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Old 01-11-16, 10:15 AM
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Originally Posted by noglider
@erileykc and @bmthom.gis, those axle nuts are designed to strip easily, believe it or not. They are made of soft metal. The rationale is that the axle is valuable and also difficult to change, so rather than risking the nut stripping the axle, the axle strips the nut. Tightening the nuts properly takes a bit of skill. You have to make them tight enough that the wheel won't slip but not tight enough to strip them. And still, you'll strip them occasionally. Buy a new pair plus a spare pair.
So you think it could just be the nut? That's terrific news! I *really* didn't want to change the axle.
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Old 01-11-16, 10:23 AM
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Originally Posted by bmthom.gis
So you think it could just be the nut? That's terrific news! I *really* didn't want to change the axle.
Yes, this happens a lot. It's the nut. The axle is made of very hard steel, for durability.
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Old 01-11-16, 10:33 AM
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Be careful to get the correct axle nuts. The ones you need are a Witworth thread. Won't find em at the hardware store. Glad we have the internet. Things like this were really hard to find back in the day.
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Old 01-11-16, 10:36 AM
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Originally Posted by BigChief
Be careful to get the correct axle nuts. The ones you need are a Withworth thread. Won't find em at the hardware store. Glad we have the internet. Things like this were really hard to find back in the day.
Thanks for that...I was just planning to hit up the Home Depot.

Originally Posted by noglider
Yes, this happens a lot. It's the nut. The axle is made of very hard steel, for durability.
You about made my day
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Old 01-11-16, 10:50 AM
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Originally Posted by BigChief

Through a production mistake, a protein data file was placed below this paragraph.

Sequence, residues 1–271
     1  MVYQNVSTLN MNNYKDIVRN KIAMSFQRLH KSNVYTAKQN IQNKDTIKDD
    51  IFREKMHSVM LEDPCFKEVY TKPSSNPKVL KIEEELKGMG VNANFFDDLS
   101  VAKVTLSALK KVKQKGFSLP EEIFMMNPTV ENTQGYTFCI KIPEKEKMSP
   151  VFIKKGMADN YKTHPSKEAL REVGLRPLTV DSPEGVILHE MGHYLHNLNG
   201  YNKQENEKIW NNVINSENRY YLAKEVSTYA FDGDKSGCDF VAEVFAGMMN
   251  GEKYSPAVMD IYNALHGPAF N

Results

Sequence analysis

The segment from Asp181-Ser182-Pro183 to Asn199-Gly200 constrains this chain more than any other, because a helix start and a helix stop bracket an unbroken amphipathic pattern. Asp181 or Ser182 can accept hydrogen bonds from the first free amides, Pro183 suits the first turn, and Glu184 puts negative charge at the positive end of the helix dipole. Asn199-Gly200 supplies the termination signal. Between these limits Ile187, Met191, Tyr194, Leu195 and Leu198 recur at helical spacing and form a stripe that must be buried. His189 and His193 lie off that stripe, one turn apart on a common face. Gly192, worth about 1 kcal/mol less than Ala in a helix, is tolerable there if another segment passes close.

Be careful to get the correct axle nuts. The ones you need are a Witworth thread. Won't find em at the hardware store. Glad we have the internet. Things like this were really hard to find back in the day.
Back in MY day, every bike shop carried the nuts. Where did you live? I lived in NYC and Boston.
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Old 01-11-16, 11:04 AM
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I've been living in rural Maine since the 70s. Back in the late 60s, I had a summer job at a Raleigh/ Schwinn dealer in New Jersey and was always watchful on junk day, so I've built up a good horde of spare parts over the years. But, finding Witworth nuts out where I live before the internet was just about impossible.
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Old 01-11-16, 12:08 PM
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Thanks @arex & @BigChief for the compliments. Glad it's done. I still want to watch for a fork for a R20 so I can have @gugie add fender eyelets @ powder coat.
@erileykc - regarding the cone adjustment. I use Sheldon Brown or, there's an online video - search "Graham's Garage" & he has 3-4 on specifics of Sturmey Archer hub overhaul & adjustment. I turn the drive side cone until I feel it touch the ball bearings, then back off up to 1/2 turn. Enough so that specifically shaped lock washer will go on. Then adjust the non drive side cone & apply lock washer. Once you install wheel onto the bike & tighten the nuts down to hold wheel in place, chances are you will notice play in the wheel. At this point I adjust the cone while wheel is on the bike. I loosen the nuts, then use 2 very thin dpanners to loosen the lock washer, tighten the cone, then retighten lock washer. Easier vs taking the rear wheel off & on multiple times.


Interesting to find that the it's for these axles are soft. Thanks @noglider for that info.